The Adelaide Symphony Orchestra, which was forced to cancel most of its 2020 season, has pushed its 2021 season launch back to December 7 and will initially reveal details of concerts for only the first six months of the year.
The ASO has been eligible for JobKeeper support during the pandemic, which managing director Vincent Ciccarello acknowledges has put it in a more fortunate position than many in the arts sector. However, he says it hasn’t taken this for granted, with most of the organisation’s 100 full-time-equivalent staff (including musicians) taking a 20 per cent reduction in salary until the end of the year.
Although the ASO will post a surplus in 2020, Ciccarello says it is forecasting a $1 million deficit next year that will force it to eat into its reserves. This forecast is based on the expectation that venues will still be operating at half capacity, with the orchestra moving concerts to the Festival Theatre and doubling the number of performances so it can still meet audience demand.
“We’ve made a few decisions that really weigh up the pros and cons,” he says of the 2021 season.
“We’ve effectively shelved all our Showcase series concerts for 2021 because they would lose us hundreds of thousands of dollars over the year.”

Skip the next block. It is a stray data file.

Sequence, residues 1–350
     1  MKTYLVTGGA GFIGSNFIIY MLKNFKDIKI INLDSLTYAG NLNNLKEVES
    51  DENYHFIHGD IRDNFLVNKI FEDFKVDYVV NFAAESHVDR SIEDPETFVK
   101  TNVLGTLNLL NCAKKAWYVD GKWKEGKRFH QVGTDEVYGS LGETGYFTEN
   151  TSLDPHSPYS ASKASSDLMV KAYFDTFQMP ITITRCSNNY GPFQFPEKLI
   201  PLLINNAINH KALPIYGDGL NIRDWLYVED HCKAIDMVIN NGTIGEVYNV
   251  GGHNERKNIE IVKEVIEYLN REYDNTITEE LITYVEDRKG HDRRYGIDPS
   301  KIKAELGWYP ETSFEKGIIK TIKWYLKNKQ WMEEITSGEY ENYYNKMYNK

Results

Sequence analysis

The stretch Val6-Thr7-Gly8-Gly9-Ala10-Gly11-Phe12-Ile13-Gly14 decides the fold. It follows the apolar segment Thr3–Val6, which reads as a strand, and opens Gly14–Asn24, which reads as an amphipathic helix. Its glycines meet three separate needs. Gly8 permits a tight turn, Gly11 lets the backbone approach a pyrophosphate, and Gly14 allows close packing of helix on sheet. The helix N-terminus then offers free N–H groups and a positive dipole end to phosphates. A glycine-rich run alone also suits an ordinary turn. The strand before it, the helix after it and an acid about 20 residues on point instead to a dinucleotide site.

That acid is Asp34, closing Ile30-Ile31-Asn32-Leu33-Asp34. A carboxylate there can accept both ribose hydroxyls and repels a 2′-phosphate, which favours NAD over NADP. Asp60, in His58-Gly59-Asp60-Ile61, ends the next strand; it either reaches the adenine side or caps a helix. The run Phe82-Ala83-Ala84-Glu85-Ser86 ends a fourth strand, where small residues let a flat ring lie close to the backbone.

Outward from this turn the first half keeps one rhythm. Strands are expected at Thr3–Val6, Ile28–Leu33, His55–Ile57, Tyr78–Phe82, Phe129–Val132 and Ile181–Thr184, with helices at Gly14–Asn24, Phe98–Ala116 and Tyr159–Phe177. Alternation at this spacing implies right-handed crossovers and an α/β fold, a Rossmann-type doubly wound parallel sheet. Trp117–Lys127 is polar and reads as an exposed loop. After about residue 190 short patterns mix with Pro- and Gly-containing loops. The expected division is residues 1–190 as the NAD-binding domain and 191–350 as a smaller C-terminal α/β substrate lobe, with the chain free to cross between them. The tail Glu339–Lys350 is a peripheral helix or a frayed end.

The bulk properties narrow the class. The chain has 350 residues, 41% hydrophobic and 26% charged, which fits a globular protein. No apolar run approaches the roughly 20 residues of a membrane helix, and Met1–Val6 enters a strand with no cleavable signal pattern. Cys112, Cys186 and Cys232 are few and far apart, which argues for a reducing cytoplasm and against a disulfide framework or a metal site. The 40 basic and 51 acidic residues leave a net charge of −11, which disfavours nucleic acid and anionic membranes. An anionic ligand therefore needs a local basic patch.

After almost all its scheduled shows were cancelled or postponed this year, State Opera SA has so far announced just one production for 2021: Carousel: A Concert.
State Theatre Company SA will present a full season of eight main-stage plays next year, with Julian Hobba saying it has planned for reduced seating capacities, at 50 per cent, for the first half of 2021, and has “contingency scenarios if that should continue into the second half of the year”.
“The possibility of complete shutdowns at short notice is obviously going to be the most challenging thing for us to manage,” he says.
“That is why we are so grateful for our audience’s understanding and patience… and why we would appeal to the whole community to continue to invest in live performance notwithstanding some of the uncertainty.
“Having people get behind local arts companies and invest through subscriptions and ticket purchases will be the best way to ensure we can all sustain ourselves through this period.”
Jessica Alice says that although the events of the past week have been extremely disruptive, the arts sector generally was very supportive of the “decisive action” taken by the State Government.
She says the fact that it was able to get the outbreak under control quickly also created optimism and confidence for future planning.
AICSA, which represents more than 100 South Australian arts and cultural organisations and independent artists, plans to hold an event for members in January. Alice says one of the things it will look at is how artists can navigate the ongoing challenges faced, with the council also committed to working closely with the South Australian Government to make sure the sector is supported.
Arts SA distributed a total of $1.5 million in grants to support arts projects during the pandemic shutdown earlier this year, and in September Premier Steven Marshall announced a $10.2 million funding package “to create jobs and fast-track recovery in South Australia’s arts and culture sector”.